In the transformative realm of artificial intelligence (AI), one cannot ignore the increasing buzz around AI-generated music, a nascent technology that has been quite literally striking a chord in the music industry. While AI-generated videos still have colossal strides to make, the music arena is humming along at a compelling pace but not without presenting unique legal and ethical challenges — precisely, who owns AI-created music? Who gets credited? Who rakes in the business revenue? And, how should the revenue be divided?
Notably, Alphabet Inc., the parent company of Google, is audaciously making attempts to solve this puzzle. According to four different sources reported by the Financial Times, Alphabet is in negotiations with Universal Music Group, one of the world's largest record companies, to discuss a royalty allocation agreement that will enable Google to pay copyright fees based on the revenue from AI-generated music.
Despite these discussions being at an early stage and no product release timeline having been set, insiders reveal that Google's ambitious plan involves developing an AI musical tool. This tool would allow fans to legally use the voices of their favorite artists to create unique songs and then pay royalty fees to the copyright holders.
Meanwhile, Warner Music has also entered into similar separate negotiations. This explains why Warner Music's CEO, Robert Kyncl, wasn't surprised when AI music was broached: "AI lets fans use a new layer of user-generated content, expressing their love for their idols," he aptly remarked to investors. Kyncl believes that the artists themselves must primarily have the power to decide.
Google seems to be smartly leveraging their experience in dealing with copyright issues pertaining to YouTube. After acquiring YouTube, Google introduced the revolutionary copyright identification system 'Content ID' in October 2007. This inventive mechanism provided copyright holders with three response options to suspected copyright infringements - requesting YouTube to remove/block the content, monitor the consumer response through the unlicensed uploaded video, or share profits.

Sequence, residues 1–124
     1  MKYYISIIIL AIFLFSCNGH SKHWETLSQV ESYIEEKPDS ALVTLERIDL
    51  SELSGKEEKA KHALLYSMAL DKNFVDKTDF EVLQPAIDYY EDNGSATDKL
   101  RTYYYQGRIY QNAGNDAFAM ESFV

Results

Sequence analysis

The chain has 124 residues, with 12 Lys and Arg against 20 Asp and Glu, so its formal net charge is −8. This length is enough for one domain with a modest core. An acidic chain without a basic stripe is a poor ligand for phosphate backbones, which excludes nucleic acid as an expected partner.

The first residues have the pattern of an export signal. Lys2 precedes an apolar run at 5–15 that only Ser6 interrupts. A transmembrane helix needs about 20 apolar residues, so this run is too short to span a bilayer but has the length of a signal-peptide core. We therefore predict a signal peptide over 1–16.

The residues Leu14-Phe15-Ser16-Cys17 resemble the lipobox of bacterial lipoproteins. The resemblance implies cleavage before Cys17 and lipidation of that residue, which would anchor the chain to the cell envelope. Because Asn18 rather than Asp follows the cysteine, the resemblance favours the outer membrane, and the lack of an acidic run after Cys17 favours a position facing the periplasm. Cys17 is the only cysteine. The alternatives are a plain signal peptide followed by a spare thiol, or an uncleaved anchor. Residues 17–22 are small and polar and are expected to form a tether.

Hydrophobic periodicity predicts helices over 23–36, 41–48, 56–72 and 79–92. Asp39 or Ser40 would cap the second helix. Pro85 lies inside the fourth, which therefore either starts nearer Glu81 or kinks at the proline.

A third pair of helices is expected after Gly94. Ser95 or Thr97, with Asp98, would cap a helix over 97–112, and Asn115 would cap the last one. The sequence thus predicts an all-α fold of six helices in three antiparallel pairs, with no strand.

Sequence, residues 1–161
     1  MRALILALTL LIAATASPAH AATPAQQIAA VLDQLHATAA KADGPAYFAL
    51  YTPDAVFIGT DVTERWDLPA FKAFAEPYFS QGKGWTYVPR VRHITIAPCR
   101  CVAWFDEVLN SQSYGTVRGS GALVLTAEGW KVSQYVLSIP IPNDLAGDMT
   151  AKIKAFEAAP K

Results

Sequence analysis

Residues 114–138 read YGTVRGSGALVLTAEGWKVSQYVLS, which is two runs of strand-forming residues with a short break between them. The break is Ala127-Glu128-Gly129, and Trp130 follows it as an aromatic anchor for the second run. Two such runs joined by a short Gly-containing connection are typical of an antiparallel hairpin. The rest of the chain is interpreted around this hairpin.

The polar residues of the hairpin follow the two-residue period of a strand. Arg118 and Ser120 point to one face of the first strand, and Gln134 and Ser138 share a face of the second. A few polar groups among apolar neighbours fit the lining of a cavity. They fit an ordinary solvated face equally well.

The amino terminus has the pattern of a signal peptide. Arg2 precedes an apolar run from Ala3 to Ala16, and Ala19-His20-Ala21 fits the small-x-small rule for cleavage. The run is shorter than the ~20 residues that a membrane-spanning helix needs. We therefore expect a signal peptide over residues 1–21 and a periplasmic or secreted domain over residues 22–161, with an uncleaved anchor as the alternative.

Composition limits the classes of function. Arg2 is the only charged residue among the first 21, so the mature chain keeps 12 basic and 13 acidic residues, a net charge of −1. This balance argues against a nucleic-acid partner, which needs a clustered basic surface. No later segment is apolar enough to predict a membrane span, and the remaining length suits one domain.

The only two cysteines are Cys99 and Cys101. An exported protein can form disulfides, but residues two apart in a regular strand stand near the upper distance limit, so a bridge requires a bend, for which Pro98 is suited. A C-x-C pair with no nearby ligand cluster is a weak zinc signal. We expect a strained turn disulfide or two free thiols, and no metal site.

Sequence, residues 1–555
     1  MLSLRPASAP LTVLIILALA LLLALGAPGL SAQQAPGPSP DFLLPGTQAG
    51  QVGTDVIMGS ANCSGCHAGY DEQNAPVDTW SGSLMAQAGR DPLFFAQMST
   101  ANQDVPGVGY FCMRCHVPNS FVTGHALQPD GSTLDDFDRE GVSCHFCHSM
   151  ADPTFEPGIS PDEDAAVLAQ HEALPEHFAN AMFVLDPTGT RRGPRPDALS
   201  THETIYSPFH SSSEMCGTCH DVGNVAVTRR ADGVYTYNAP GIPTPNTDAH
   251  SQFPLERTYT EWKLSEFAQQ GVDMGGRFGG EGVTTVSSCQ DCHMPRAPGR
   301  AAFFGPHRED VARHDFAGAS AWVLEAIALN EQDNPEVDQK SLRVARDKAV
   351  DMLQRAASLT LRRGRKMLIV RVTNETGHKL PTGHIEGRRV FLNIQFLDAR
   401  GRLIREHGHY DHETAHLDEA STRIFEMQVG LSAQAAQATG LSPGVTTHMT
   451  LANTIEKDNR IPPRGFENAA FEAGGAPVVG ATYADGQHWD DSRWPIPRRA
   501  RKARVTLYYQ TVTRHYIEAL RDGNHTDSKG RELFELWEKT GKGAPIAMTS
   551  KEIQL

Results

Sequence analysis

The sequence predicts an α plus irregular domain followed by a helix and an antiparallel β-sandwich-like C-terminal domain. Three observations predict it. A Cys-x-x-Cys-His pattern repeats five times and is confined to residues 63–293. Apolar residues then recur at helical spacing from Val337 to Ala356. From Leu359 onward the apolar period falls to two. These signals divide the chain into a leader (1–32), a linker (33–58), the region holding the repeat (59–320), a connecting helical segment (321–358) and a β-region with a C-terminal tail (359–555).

Google's endeavors in deciphering this AI-encoded enigma indirectly helps the broader content industry shape strategies for navigating future challenges. This harkens back to my prediction a few weeks ago: The world will need a universal IP that identifies anyone imitating JK Rowling's style to create 'Harry Potter' tribute content. To protect the IP, the imitations could be silenced or allowed to exist helping with wider promotion. Rowling would be provided with the choice. Hence, sophisticated algorithms are required to decide the allocation of copyright compensation to the entities responsible for the inspirational sources in various forms of content, such as 'a deepfaked video of Tom Holland as Harry Potter transported into the Star Wars universe'.
Certainly, in this future world of music and AI, you may receive a bill from Google Play the moment you finish a 30-second cover of a song echoing a famous singer. As Google grapples with the challenges, the vision for AI music is crystallizing with tremendous inspiring possibilities. But for now, participants are harmoniously voicing the chorus of uncharted territory in these early charts of AI-generated music.